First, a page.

There’s No Such Thing as a Free Lunch … or Free Bathroom?

DC Shuttle …

Updates to 2010 Child Nutrition Act Introduced. U.S. Rep. Todd Rokita (R-IN) introduced H.R. 5003, the Improving Child Nutrition and Education Act of 2016. The bill is a reauthorization of the 2010 child nutrition law. The bill makes many changes to the 2010 law, most notably in the requirements to qualify for free meals for students. Under the current law, if more than 40% of the student body in a school is low-income, then the schools can qualify for free breakfast and lunch for all students, but under the new bill that threshold would be raised to 60%. Democrats have said that the changes would result in fewer children receiving nutritious meals, while Republicans argue that the changes would allow federal resources to be focused where they are most needed. The bill has been sent to the House Early Childhood, Elementary and Secondary Education Subcommittee, but there has not yet been an indication on when it will be marked up. Read a summary of the proposed changes here.

Federal Court Rules in Favor of Transgender Student. A federal appeals court ruled in favor of a transgender Virginia boy who is suing his school for the right to use the boys’ bathroom. The appeals court did not grant the student the right to use the bathroom of his choosing, but rather ruled that Title IX grants the students the right to use the bathroom they feel fits with their gender identity, and instructed the lower court to re-evaluate the student’s initial request using that interpretation. The New York Times noted that it is the first time an appeals court has found that Title IX protects such a right. The ruling, which applies to schools in Virginia, North Carolina, South Carolina, Maryland and West Virginia, comes as several states, including North Carolina, grapple with laws requiring individuals to use bathrooms corresponding with their gender at birth.

Judge Rules in Favor of Embattled Accreditor. A federal judge ruled that the Consumer Protection Financial Bureau (CFPB) does not have the authority to compel a national college accreditor to turn over information. The ruling was a major blow to the bureau, which had opened an investigation into the Accrediting Council for Independent Colleges and Schools (ACICS) that has come under fire after accrediting many now-defunct for-profit colleges, including several Corinthian Colleges campuses. The CFPB argued that it had the power to force ACICS to turn over documents relevant to the accreditation of the for-profit schools it is now investigating, while ACICS said that such a request posed a threat to the integrity of the accreditation process. Despite the favorable ruling, ACICS still has something to worry about: 12 state attorneys general, as well as several consumer and labor groups, have called on the U.S. Department of Education to deny the council federal recognition, which would essentially render it useless. A decision from the department is expected later this year.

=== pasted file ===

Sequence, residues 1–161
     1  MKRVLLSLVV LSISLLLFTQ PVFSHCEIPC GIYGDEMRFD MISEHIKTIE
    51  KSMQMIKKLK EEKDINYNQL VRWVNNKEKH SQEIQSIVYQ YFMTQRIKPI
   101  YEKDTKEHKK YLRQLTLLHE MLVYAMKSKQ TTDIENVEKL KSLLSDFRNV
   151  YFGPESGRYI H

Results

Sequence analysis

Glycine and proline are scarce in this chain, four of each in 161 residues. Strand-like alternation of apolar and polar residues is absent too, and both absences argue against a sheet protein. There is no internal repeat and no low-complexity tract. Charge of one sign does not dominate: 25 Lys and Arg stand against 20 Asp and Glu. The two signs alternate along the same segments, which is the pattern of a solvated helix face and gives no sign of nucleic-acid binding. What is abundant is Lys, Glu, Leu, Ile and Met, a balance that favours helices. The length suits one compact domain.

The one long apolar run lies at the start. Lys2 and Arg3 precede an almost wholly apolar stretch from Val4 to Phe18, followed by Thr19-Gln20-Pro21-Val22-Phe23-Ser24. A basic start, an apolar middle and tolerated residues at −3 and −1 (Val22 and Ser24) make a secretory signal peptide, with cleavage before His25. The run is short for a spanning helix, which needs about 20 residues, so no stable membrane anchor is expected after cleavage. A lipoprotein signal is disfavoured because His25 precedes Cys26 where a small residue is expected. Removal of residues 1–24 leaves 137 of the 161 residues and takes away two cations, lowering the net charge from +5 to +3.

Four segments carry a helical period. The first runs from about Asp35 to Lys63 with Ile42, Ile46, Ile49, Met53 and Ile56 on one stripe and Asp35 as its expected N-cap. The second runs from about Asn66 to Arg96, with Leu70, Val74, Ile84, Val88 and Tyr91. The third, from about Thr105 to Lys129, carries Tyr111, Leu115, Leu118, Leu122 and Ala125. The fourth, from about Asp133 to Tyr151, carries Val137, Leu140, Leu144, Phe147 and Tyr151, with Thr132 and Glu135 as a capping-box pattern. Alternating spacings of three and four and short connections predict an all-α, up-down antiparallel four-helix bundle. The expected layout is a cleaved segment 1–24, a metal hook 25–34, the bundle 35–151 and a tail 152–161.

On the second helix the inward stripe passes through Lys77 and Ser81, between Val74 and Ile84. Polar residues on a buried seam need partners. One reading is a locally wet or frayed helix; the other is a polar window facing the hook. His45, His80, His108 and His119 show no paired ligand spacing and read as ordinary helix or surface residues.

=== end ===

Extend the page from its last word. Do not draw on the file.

Congressmen Introduce Bill to Reduce Student Loan Debt for Teachers. Reps. Mark Takano (D-CA) and Richard Hanna (R-NY) introduced a bipartisan bill last week that would expand access to loan forgiveness to educators. The bill, the Teacher Debt Relief Act, would allow educators to simultaneously qualify for the Stafford Student Loan Forgiveness and Public Service Loan Forgiveness programs. Currently, teachers cannot take advantage of both programs at the same time. In a news release, the congressmen said that the bill is meant as a response to a national teacher shortage, noting that enrollment in teacher-preparatory programs dropped 30% between 2010 and 2014.

Massachusetts Announces Commonwealth Commitment Plan. Massachusetts Gov. Charlie Baker and Commissioner of Higher Education Carlos Santiago unveiled the Commonwealth Commitment plan, a new program that will allow some students in Massachusetts to attend college at a reduced rate. Under the program, students who complete two years at a community college in the state will be able to transfer to one of the state’s public colleges or the University of Massachusetts to finish their bachelor’s degrees. Students in the program will receive a 10% rebate on their tuition at the end of every semester as long as they maintain a GPA of at least 3.0. Read more about the program in the Boston Globe.

This Week in ESSA: Negotiated Rulemaking Ends. Rulemakers met for the third and final negotiated rulemaking session for the Every Student Succeeds Act. The rulemakers came to a consensus on rules regulating testing and assessments, with a focus on testing for students with disabilities and on which tests states and districts can use to assess students. However, the rulemakers could not agree on supplement-not-supplant rules, which have to do with the use of federal versus state and local dollars for education. As a result, the U.S. Department of Education will now write its own rules based on what was discussed during the negotiated rulemaking sessions. Those rules will then be sent to Congress for review and comment.

We publish the DC Shuttle each week featuring higher ed news from Washington collected by the New England Council, of which NEBHE is a member. This edition is drawn from the Higher Education Update in the Council’s Weekly Washington Report of April 25, 2016. For more information, please visit:



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